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Rock Art Sites Push Back Settlement of Northern India

Wednesday, July 28, 2021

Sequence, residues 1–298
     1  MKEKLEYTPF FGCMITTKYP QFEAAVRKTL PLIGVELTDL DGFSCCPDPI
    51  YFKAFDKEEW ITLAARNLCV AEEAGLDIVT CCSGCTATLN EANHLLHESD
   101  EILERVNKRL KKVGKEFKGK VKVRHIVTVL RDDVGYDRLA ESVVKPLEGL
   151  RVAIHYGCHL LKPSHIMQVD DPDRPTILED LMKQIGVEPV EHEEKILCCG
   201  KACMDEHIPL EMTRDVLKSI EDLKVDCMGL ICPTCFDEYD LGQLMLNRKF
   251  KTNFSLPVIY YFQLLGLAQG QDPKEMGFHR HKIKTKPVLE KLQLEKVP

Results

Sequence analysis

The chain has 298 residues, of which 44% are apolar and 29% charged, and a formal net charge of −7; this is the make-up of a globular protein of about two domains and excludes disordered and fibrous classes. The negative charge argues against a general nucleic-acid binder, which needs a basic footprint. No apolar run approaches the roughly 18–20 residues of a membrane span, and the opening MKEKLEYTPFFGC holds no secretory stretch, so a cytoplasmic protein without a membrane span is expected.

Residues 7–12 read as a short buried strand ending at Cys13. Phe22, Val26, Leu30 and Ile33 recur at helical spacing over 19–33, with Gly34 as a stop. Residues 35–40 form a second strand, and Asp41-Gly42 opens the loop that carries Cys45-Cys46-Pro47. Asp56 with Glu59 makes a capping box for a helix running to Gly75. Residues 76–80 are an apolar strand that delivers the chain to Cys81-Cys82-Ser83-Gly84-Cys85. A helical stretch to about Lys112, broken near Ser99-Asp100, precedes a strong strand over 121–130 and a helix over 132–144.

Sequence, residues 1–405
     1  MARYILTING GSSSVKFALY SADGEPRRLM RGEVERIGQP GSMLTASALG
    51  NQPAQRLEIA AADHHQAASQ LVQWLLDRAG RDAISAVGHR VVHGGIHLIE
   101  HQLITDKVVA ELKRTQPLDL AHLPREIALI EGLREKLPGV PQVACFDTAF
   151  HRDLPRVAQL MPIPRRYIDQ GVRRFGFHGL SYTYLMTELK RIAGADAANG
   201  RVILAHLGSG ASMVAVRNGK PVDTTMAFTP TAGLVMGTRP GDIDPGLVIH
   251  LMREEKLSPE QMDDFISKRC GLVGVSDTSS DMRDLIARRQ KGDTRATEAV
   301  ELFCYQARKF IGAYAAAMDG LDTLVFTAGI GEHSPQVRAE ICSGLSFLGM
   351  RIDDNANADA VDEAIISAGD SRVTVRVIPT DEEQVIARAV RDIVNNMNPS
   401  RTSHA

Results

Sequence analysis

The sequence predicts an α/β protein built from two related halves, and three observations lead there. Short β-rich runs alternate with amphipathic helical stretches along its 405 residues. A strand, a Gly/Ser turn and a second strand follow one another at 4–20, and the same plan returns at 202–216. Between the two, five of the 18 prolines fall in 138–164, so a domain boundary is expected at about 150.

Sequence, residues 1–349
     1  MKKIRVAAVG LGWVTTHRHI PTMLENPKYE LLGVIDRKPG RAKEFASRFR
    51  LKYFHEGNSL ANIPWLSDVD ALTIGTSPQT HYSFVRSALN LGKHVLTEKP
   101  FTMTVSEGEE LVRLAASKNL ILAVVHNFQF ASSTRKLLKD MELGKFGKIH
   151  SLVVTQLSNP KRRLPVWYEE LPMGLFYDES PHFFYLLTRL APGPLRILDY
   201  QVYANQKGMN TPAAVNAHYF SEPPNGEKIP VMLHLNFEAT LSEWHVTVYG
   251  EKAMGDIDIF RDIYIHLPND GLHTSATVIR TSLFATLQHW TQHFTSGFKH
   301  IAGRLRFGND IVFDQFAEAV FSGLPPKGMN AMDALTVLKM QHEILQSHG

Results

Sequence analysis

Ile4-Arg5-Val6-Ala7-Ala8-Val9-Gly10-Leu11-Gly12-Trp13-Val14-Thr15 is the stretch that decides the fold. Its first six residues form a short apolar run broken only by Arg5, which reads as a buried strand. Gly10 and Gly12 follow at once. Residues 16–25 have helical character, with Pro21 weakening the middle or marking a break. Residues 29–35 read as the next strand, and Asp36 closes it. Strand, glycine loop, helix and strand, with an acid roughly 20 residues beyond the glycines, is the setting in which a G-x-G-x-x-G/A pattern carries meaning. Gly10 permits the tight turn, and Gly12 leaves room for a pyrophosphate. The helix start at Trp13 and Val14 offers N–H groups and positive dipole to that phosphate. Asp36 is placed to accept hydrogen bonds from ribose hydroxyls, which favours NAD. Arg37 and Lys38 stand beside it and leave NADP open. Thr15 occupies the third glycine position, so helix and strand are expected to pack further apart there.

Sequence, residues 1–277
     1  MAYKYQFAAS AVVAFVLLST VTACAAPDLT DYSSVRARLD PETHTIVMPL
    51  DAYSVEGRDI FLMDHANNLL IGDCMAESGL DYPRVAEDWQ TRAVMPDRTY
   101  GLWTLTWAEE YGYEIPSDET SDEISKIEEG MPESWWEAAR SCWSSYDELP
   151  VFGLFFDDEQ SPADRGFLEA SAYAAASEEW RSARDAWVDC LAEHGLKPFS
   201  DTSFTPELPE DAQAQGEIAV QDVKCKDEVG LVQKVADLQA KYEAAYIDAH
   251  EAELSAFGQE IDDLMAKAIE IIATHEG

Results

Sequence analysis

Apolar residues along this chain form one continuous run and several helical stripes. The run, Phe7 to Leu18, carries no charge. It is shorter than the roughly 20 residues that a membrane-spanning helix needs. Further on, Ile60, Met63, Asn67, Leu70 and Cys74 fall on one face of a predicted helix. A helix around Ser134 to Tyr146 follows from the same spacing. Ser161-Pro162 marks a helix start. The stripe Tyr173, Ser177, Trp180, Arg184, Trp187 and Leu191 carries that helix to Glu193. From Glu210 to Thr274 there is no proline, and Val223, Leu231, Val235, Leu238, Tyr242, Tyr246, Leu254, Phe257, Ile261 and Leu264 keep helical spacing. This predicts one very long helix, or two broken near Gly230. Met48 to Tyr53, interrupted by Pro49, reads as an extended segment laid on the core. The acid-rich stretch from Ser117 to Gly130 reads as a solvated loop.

HARYANA, INDIA—The Print reports that Paleolithic paintings and artifacts have been found in multiple rock shelters and open-air sites near Mangar Bani forest in northwestern India’s Aravalli Mountains. The newly found rock art is estimated to date back some 20,000 to 40,000 years. “Some are line drawings, which are the oldest, when humans hadn’t really figured out how to draw complex patterns,” said Banani Bhattacharya of the Haryana Department of Archaeology and Museums. “Then we can see drawings of different geometric shapes, foliage, animals, and human figures. Most of the drawings were made with ochre, although some are white and thus belong to the historic era,” she added. Bhattacharya and her colleagues plan to complete an extensive survey of the remote area soon and develop a plan to protect the sites from mining and tourists. To read about rock paintings discovered at sites across Madhya Pradesh, go to "Around the World: India."

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